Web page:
When a company builds a website, they talk about the journey they want to take their web visitor on from when they land on that site. As a storyteller, it’s the same principle. By thinking about narrative, I’m thinking about where I want my audience to go when they open a magazine onto the first page of my photo story. This may sound logical but it’s not as easy to deliver as it sounds. Where narrative-led photography really is helping conservation efforts is the ability to connect the audience with real people – whether it’s rangers, researchers, vets or even the unfortunate villager who is having her livelihood impacted. Now that we have learned to stop banging the drum just about the big iconic animal and embrace the people who can save it, we are switching more people on to the importance of saving our natural world – because they can see that human lives depend on it.

Living with foxes | © Neil Aldridge

Over the years there have been a variety of photographic styles to document conservation stories: from hard-hitting and emotive imagery, to those showing the wonder of the natural world and the diversity of species. What do you think the role of conservation photography is in 2018 and going forward – to shock audiences or to send out positive messages about conservation and the environment?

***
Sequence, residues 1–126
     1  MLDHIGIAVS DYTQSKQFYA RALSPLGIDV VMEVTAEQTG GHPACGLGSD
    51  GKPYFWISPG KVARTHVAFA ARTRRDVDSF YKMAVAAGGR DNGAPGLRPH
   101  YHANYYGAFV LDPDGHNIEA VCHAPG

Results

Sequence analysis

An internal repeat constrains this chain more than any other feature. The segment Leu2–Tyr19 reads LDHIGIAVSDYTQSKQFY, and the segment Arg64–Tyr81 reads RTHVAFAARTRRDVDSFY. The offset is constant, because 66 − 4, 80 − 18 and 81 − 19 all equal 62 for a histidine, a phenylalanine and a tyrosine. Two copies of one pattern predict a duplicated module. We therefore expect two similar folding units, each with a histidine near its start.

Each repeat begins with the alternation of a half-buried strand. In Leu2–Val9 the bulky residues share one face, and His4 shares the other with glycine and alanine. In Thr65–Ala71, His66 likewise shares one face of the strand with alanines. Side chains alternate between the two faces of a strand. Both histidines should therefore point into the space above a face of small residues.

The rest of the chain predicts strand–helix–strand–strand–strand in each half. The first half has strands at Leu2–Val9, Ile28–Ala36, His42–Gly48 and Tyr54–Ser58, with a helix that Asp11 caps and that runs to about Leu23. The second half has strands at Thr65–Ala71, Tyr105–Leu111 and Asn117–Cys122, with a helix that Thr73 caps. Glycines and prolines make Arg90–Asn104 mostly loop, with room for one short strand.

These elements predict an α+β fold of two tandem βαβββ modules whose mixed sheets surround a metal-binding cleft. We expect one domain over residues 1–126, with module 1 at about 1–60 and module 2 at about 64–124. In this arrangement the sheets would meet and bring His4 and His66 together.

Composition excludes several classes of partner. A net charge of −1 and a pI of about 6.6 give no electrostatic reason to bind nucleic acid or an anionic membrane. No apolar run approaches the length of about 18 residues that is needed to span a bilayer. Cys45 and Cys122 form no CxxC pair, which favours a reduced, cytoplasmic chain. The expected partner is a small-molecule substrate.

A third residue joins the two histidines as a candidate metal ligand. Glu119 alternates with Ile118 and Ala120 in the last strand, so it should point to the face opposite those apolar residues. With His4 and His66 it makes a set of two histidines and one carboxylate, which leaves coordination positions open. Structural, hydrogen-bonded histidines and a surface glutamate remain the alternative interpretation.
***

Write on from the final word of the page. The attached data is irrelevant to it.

Both. People take in information in different ways, even within audience demographics. Personally, when I’m looking at a story or watching a documentary, I’m still grabbed by the hard-hitting moments that some people find too much. Those are the moments that stay with me. And with the state that our planet is in, I don’t think that we can afford to filter or totally dumb-down our messages. People do have the choice to look away or turn the page if they want to, so I would rather see photographers still taking the pictures that have the power to stop an audience in its tracks. But, that’s the beauty of creating photo stories. You can include hard-hitting imagery alongside the solutions, the beauty of nature and the wonderful people dedicating their lives to stopping atrocities happening. That is what I have been trying to do with my work, I then work with an editor to decide what the best mix of images may be from a wider set to achieve the right impact and reaction.

The ‘plastic issue’ has clearly galvanised public opinion. What do you think are the other important environmental issues and challenges we now face?